#ECC15 | @ExeterLabour release housing manifesto

Following the launch of our local and national manifestos, Exeter Labour Party have launched a detailed housing manifesto setting out a plan to tackle housing crisis.

Ben Bradshaw, Labour’s Parliamentary Candidate for Exeter:
“The Labour-run City Council’s record of and commitment to providing more affordable housing is second to none in the South West. But we also need a Labour government to address our housing crisis, which means more and more people cannot afford the high level of private rents, let alone have a hope of getting on the property ladder.”

Councillor Pete Edwards, Leader of the City Council and Leader of Exeter Labour Group:
“Affordable housing is the single biggest challenge we face in Exeter. Our strong economy, growing cultural offer and fantastic quality of life mean demand is only increasing. At the same time, low average wages and a lack of housing have created a crisis for many young people and families. Under Labour, the City Council has fought hard to deliver as much affordable housing as possible, but only a Labour government will give us the real powers we need to tackle the problem.

IN EXETER
Labour is proud to support new homes to tackle our housing crisis, and the Labour-run City Council is working hard to improve the availability and quality of homes around the city. Since 2010/11:
  • 3,505 new homes have been built in Exeter, including hundreds for affordable and social rent.
  • Exeter City Council has built 41 new low energy homes, the first new Council Houses for a generation, and Labour are committed to expanding this programme, with the potential for hundreds more.
  • Under Labour, the City Council has introduced a new Additional HMO Licensing Scheme and we will continue to work closely with landlords to improve standards in the private rented sector.
  • Labour has supported purpose built student accommodation to reduce the burden on family housing. Exeter has seen a reduction of 267 non-purpose built Council Tax exemptions over the last four years.
  • The City Council successfully bid for a quarter of a million pounds to help tackle homelessness through a new partnership project that will increase accommodation and provide new specialist support workers.
    BUT
  • Exeter has some of the highest rents outside London, and rents on average have increased £1,020 a year since 2010.
  • Local councils need more powers to decide what kind of housing is built and where, and to force developers to build consented schemes.
  • Local councils also need support from Government to crack down on poor standards and unfair rents and fees in the private rented sector.
  • The Tory and Lib Dem cuts to public services have directly contributed to the growing homelessness problem in Exeter and around the country.

    IN EXETER, LABOUR WILL:
  • Aim for 35% social and affordable housing on all new private housing developments.
  • Continue to build new low energy Council Houses on council-owned land, to provide affordable homes and reduce fuel poverty, and look for appropriate sites to expand the programme.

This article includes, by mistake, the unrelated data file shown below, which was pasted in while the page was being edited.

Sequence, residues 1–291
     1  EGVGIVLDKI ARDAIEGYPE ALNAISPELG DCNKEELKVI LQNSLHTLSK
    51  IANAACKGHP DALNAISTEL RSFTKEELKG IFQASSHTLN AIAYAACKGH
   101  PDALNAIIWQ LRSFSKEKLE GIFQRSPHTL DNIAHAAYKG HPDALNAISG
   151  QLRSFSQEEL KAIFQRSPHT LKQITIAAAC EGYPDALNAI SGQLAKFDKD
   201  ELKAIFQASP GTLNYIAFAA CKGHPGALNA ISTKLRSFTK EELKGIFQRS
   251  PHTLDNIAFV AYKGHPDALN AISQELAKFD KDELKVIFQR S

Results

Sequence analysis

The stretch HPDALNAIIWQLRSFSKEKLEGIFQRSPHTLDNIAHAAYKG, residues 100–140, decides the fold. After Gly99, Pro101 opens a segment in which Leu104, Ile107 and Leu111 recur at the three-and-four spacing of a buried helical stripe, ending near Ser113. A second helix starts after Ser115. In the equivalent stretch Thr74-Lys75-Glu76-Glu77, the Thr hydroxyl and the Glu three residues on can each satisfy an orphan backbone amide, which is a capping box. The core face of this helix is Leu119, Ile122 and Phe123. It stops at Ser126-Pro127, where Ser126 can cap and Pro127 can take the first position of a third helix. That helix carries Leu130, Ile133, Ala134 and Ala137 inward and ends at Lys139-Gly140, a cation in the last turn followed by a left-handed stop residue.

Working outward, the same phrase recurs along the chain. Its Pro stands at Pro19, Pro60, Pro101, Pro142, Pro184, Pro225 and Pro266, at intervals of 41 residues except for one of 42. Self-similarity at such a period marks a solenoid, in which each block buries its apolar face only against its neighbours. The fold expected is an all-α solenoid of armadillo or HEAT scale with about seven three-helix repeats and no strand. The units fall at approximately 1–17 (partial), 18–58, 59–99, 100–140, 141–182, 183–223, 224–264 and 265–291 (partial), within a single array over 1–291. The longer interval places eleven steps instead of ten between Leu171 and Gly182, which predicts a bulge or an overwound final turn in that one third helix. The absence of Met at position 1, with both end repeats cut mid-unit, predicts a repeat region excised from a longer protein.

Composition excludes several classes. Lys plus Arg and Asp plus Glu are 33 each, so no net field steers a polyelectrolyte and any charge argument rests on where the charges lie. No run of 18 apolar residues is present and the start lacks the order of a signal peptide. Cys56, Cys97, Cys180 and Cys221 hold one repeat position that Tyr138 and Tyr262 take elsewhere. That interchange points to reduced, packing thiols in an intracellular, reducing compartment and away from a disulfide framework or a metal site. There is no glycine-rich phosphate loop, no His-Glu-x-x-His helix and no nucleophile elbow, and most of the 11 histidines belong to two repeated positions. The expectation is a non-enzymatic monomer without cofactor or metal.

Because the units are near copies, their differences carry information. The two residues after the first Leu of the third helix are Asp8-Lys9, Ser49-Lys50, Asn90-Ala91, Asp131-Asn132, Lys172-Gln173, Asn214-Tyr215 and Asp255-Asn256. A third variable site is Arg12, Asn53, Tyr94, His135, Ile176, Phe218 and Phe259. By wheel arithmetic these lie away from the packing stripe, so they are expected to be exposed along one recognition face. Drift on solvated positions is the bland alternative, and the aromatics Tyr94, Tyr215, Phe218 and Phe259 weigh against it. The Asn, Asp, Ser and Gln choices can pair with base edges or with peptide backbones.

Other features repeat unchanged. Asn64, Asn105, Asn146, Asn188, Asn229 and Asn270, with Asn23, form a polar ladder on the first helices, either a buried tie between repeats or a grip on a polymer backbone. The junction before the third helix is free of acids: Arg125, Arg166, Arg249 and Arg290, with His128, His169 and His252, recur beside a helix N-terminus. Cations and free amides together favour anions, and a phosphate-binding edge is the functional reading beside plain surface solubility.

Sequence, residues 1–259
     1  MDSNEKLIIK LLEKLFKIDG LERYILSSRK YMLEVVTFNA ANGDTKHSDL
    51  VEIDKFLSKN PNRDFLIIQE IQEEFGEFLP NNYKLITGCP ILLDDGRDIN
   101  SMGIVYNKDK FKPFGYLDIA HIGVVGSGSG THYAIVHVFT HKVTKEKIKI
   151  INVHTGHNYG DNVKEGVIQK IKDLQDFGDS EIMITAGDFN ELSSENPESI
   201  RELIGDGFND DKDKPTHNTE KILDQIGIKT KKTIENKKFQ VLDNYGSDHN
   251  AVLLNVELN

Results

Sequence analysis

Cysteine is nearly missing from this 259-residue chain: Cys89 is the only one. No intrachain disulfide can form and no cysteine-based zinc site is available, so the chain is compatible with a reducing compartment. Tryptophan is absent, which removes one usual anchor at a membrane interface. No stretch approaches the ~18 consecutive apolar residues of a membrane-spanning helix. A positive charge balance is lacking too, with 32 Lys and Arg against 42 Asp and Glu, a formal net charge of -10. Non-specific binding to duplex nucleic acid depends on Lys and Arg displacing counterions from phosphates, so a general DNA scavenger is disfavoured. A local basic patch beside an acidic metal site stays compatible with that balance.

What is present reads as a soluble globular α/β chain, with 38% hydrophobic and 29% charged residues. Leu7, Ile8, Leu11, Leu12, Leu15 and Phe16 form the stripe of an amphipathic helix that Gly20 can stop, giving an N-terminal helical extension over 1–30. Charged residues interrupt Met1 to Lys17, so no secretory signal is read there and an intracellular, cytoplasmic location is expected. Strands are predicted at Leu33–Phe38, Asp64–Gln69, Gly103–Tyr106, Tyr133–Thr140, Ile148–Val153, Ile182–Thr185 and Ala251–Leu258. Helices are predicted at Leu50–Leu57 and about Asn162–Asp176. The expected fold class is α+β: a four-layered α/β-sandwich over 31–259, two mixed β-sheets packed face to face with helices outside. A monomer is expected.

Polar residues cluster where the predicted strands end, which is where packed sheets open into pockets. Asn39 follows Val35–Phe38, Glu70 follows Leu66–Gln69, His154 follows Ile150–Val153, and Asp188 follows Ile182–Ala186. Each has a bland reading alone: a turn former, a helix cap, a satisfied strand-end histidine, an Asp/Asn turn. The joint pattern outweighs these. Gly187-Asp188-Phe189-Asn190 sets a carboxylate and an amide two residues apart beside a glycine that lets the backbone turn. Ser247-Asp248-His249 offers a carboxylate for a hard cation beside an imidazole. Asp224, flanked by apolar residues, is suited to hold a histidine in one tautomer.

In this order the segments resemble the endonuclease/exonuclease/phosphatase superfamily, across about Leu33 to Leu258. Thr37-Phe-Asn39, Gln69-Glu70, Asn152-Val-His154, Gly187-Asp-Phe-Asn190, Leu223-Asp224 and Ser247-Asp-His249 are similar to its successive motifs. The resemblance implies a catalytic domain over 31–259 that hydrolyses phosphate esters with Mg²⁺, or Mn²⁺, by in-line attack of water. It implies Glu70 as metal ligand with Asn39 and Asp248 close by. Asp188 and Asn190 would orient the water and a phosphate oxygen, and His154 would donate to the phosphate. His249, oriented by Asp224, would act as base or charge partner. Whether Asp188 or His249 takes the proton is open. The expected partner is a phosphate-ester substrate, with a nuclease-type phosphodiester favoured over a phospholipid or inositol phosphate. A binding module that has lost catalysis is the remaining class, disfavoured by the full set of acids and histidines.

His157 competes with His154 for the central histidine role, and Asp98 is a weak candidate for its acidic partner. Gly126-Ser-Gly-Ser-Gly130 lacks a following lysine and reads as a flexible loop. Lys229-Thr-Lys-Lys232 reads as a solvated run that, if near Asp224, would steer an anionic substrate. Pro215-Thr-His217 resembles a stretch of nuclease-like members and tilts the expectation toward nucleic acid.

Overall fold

• Continue to explore new ways to provide affordable homes, including co- operative housing and self-build housing.
  • Continue to work with landlords to improve standards in the private rented sector, following our successful introduction of the additional licensing scheme for Houses in Multiple Occupancy.
A LABOUR GOVERNMENT WILL:
Building
  • Get at least 200,000 homes built a year by 2020 (almost double the current level– by implementing the recommendations of the Lyons Review.)
  • Increase competition in the housebuilding industry by backing small builders, including through our Help to Build scheme, and by getting the public sector building again.
  • Unlock a Future Homes Fund by requiring that the billions of pounds saved in Helpto Buy ISAs be invested in increasing housing supply.
  • Build more affordable homes by prioritising capital investment in housing and byreforming the council house financing system.

    Local Authorities
  • Hand local communities new powers to get homes built where they want them.
  • Introduce greater transparency in the land market and give local authorities new‘use it or lose it’ powers to encourage developers to build.
  • Give councils greater powers to reduce the number of empty homes, includinghigher council tax on long term empty properties.
  • Give local authorities the power to give first call to first time buyers on new homesin areas of housing growth.
  • Scrap the Bedroom Tax.

    Private Renters
  • Give private renters a fairer deal by guaranteeing three year tenancies with aceiling on excessive rent rises.
  • Ban rip-off letting agent fees for tenants, which could save renters over £600.
  • Drive standards up by creating a national register of private landlords.
    Homelessness
  • Labour reduced homelessness by 70% when we were last in office, but all forms of homelessness are back on the rise, with rough sleeping having increased by 55%.
  • We are committed to reversing this trend by tackling the causes of homelessness and rough sleeping.
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